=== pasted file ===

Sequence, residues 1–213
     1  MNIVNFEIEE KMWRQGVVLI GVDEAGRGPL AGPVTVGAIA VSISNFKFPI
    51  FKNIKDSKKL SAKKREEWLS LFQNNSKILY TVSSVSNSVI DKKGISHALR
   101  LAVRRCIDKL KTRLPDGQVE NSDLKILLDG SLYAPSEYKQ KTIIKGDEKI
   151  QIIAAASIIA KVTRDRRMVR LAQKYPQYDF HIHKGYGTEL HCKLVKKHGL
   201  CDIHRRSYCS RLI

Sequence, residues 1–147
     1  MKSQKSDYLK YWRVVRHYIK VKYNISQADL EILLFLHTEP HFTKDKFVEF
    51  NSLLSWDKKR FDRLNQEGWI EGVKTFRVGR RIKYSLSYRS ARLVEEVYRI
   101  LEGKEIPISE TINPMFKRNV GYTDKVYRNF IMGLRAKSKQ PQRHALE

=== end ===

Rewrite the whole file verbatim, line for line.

Sequence, residues 1–213
     1  MNIVNFEIEE KMWRQGVVLI GVDEAGRGPL AGPVTVGAIA VSISNFKFPI
    51  FKNIKDSKKL SAKKREEWLS LFQNNSKILY TVSSVSNSVI DKKGISHALR
   101  LAVRRCIDKL KTRLPDGQVE NSDLKILLDG SLYAPSEYKQ KTIIKGDEKI
   151  QIIAAASIIA KVTRDRRMVR LAQKYPQYDF HIHKGYGTEL HCKLVKKHGL
   201  CDIHRRSYCS RLI

Sequence, residues 1–147
     1  MKSQKSDYLK YWRVVRHYIK VKYNISQADL EILLFLHTEP HFTKDKFVEF
    51  NSLLSWDKKR FDRLNQEGWI EGVKTFRVGR RIKYSLSYRS ARLVEEVYRI
   101  LEGKEIPISE TINPMFKRNV GYTDKVYRNF IMGLRAKSKQ PQRHALE